If you want to be the best substitute teacher you can, there are two realizations that have to be made: First, remind yourself that you are a teacher. Being a substitute doesn’t mean you’re less than a normal teacher–although some would have you think so–; it means that you’re a suitable stand-in for the students’ normal teacher, with all the rights and privileges therein. Second, remember that as a teaching professional, what you do in the classroom is impactful. The actions you take, the words you say, and the way you teach should show kids they’re valuable and cared for, which in turn will show their teachers that you’re the right candidate for any absent day. Once these two vital realizations have been made, check out the two educational resources below because they will help you start making professional decisions that not only get you one job, but keep the phone ringing.

Substitute teaching starts off simply, as the Education World Online Substitute Survival Kit would tell you. Yes, follow the plan. Yes, be prepared and keep your composure. And when the heart you have shines is when you let the kids see who you are. “Sing! Play! Read! Write! Homework! Manage!” are some of the tips Education World provides, and what they’re really getting at is that it’s okay to be yourself. You don’t have to be mean or harsh; you can be a courteous, exciting, and playful teacher (because that’s what you are). You chose to be a substitute for only a handful out of so many reasons, but you love kids! You might even possibly want to make a career out of being with them. The plan the absent teacher leaves is only a frame that you fill out, and you have the professional skills and tricks to make it through the day (and the others, if you have more). 

Also visit Teacher Created Resources’ Tips for Being a Successful Substitute Teacher page to understand more about the ins and outs of excelling in any classroom. Then remind yourself that you’re a teaching professional who has all the capabilities of instruction and will impact every curious set of eyes in attendance that day. Becoming the most desirable substitute teacher takes time and practice, but if you have a heart to really get students to learn material, and so much more beyond it, follow these simple yet professional tips so that you’ll already be on your way to success.

For more posts on professional development as a substitute teacher all year round, contact us over at Sub Sidekick to learn more.

Three Tips for Having a Flexible Schedule as a Substitute Teacher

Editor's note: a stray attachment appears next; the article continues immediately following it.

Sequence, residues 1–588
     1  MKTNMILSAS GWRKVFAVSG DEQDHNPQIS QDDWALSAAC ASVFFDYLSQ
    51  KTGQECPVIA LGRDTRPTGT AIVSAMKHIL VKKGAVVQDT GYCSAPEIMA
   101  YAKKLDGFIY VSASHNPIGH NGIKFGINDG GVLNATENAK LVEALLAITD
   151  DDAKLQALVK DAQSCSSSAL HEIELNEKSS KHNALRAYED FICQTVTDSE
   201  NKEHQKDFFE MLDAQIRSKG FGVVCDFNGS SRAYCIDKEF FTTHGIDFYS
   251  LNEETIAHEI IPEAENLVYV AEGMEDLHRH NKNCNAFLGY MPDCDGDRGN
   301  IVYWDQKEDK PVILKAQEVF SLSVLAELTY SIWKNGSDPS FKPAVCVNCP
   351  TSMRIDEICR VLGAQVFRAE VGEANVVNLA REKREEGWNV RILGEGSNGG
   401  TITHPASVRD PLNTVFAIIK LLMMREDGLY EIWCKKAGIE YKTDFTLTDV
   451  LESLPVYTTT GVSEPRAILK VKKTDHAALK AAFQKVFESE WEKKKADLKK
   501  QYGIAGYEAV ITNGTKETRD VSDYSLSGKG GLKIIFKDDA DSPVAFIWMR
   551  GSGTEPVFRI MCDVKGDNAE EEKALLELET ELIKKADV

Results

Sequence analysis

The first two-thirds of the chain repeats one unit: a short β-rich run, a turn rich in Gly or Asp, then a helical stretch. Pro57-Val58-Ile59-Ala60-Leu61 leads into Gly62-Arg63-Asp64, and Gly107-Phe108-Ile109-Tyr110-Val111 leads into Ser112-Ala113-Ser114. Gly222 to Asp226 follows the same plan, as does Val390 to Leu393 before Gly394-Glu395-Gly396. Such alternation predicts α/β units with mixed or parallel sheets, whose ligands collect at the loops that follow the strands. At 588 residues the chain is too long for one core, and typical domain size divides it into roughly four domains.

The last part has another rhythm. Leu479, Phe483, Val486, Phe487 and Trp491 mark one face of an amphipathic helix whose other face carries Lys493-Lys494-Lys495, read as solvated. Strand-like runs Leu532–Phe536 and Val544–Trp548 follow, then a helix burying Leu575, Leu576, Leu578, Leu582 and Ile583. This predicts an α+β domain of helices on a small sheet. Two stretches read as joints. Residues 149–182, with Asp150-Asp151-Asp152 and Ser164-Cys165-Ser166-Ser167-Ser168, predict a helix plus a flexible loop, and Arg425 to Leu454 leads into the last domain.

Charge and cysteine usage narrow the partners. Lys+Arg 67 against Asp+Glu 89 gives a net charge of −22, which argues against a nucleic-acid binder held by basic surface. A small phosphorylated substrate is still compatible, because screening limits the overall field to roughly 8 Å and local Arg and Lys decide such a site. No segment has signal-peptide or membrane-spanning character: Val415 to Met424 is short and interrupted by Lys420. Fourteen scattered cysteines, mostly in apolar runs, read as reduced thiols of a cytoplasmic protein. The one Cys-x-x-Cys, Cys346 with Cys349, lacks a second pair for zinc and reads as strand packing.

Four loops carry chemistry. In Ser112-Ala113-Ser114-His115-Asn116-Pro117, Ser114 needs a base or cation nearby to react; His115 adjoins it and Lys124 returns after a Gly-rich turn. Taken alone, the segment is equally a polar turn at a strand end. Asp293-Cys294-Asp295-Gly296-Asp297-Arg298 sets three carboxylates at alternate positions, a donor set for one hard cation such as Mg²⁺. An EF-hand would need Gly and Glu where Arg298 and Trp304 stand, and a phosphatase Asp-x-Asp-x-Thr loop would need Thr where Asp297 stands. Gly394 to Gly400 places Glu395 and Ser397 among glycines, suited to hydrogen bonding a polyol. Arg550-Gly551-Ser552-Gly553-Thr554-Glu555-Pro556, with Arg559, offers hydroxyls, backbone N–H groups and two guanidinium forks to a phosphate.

For many substitute teachers, one of the biggest benefits of their job is that they have a lot more flexibility with their schedule than they would have with most other jobs. How, though, do you take full advantage of your flexible job schedule?

Don’t Overschedule Yourself

Let’s face it. Substitute teaching can be a difficult job. Sometimes, no matter how hard you try, you won’t get the same level of respect that the students would show their regular teacher. One of the great things about substitute teaching is that you can take a day or two off occasionally without having to clear your time off with anyone else. Make your days off into what you want them to be, even if that means going grocery shopping or catching up on cleaning your house.

Take Those Short Jobs

While many subs scoop up those full-day jobs right away, many school districts have a harder time filling the shorter jobs. Teachers who are also coaches often leave an hour or two early for competitions. Although they may not pay as much as the longer jobs, these jobs are great. You can sleep-in, maybe go out to lunch with a friend, and then still get in a few hours of work in the afternoon.   

Be Ready on Short Notice

As a substitute teacher, you will often know only a few hours beforehand that you are teaching. Be flexible with this. If you are the sort of sub who is always ready on short notice, teachers and school administrators will likely notice. Being ready on short notice shows your dedication to the job and demonstrates a strong work ethic, both of which are likely to make you someone teachers will want on their list of preferred subs.

Be sure to contact us to learn more about taking full advantage of your flexible schedule as a substitute teacher.

3 Apps That Make Learning A New Language Easy

Let’s face it, learning a new language is difficult and time-consuming. A second language is always a good tool to have in your repertoire. Even if you are not fluent, it is a skill that will open up numerous employment opportunities. Read on to discover three amazing apps that will make learning a new language fun and easy.

1. Duolingo

Duolingo is one of the most popular language learning apps. Duolingo makes learning fun by using matching games, fill in the blanks, and example conversations. The app has an extensive list of languages to learn, from Spanish to High Valyrian. Duolingo tracks your success through modules. There is no moving backward in Duolingo, only forwards. Of course, you can easily go back to review each module when you need to brush up on a certain skill. With over 100 million users, Duolingo is a good option. 

2. Memrise

Memrise is a lot like Duolingo, but focuses more on the memorization of a certain skill or vocabulary. The app uses flashcards and games to improve memorization. It is a great app to use hand in hand with Duolingo. Memrise has a larger selection of languages than Duolingo, since all lessons are member created. There are many lessons that were created to compliment popular language learning books, so the app is a good option to consider before spending money on an expensive language book.